Third suspect arrested in ‘blessing scam’ targeting elderly Chinese women

Third suspect arrested in ‘blessing scam’ targeting elderly Chinese women

A third suspect involved in a “blessing” scam that targeted elderly Chinese women in San Francisco and San Mateo counties was arrested last week in Southern California, according to San Francisco police.

Juan Li, 62, of Rosemead, was apprehended by officers from San Francisco and Los Angeles on March 28 and booked into the Century Regional Detention Facility in Lynwood on suspicion of grand theft, petty theft, extortion and elder abuse.

Li, who is being held on an initial $250,000 bond, is expected to be transferred to San Francisco in the near future to face prosecution, according to San Francisco police.

She is suspected of working with three other women to run a scam targeting ethnically Chinese women who speak little or no English.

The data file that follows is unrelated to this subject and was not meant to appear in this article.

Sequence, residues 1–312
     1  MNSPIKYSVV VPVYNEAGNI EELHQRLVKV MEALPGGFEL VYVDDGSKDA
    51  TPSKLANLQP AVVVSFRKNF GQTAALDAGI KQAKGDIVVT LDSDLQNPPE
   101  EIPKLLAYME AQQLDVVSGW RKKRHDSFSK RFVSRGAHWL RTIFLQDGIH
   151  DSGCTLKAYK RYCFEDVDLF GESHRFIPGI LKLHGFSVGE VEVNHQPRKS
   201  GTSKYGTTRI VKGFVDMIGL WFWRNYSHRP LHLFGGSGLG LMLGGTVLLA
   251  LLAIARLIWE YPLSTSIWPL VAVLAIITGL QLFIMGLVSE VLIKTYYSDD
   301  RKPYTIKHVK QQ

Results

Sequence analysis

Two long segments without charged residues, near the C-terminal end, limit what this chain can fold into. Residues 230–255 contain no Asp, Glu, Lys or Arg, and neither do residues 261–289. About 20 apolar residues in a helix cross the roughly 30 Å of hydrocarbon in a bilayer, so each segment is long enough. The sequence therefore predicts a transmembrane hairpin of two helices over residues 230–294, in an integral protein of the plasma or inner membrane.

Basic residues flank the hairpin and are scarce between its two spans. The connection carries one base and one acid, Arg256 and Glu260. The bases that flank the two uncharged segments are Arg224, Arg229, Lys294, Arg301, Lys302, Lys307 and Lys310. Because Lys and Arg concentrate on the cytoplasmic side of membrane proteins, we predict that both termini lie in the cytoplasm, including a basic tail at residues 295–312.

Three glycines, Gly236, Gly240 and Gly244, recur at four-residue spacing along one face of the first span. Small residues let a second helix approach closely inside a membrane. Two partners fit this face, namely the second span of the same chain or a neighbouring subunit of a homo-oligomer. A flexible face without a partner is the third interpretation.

“The suspects claim to provide relief from a curse, an illness or provide ‘purification’ ceremonies in which cash and valuable items must be offered as part of the process,” police officials said in a news release. “These scams have been reported in communities around the Bay Area, with losses estimated at over $200,000, most of which was taken in crimes occurring in San Francisco.”

Two of the suspects, Mudi Wu and Fuxi Dia, both of China and both listed as 51 years old in jail records, were arrested at the Los Angeles International Airport on Christmas Eve as they were allegedly attempting to flee to Hong Kong, according to police.

Both women remain in San Francisco County Jail on bonds of $1.25 million and face multiple charges, including grand theft, extortion and elder abuse.

They pleaded not guilty to the charges in January.

Investigators believe a fourth suspect, whose name has not been released, fled the country last December, police said.

Blessing scams are an ongoing issue for San Francisco’s Chinese community and police ask anyone who suspects they might have been victimized by such a crime to call the department’s hotline at (415) 533-9212.

Crime

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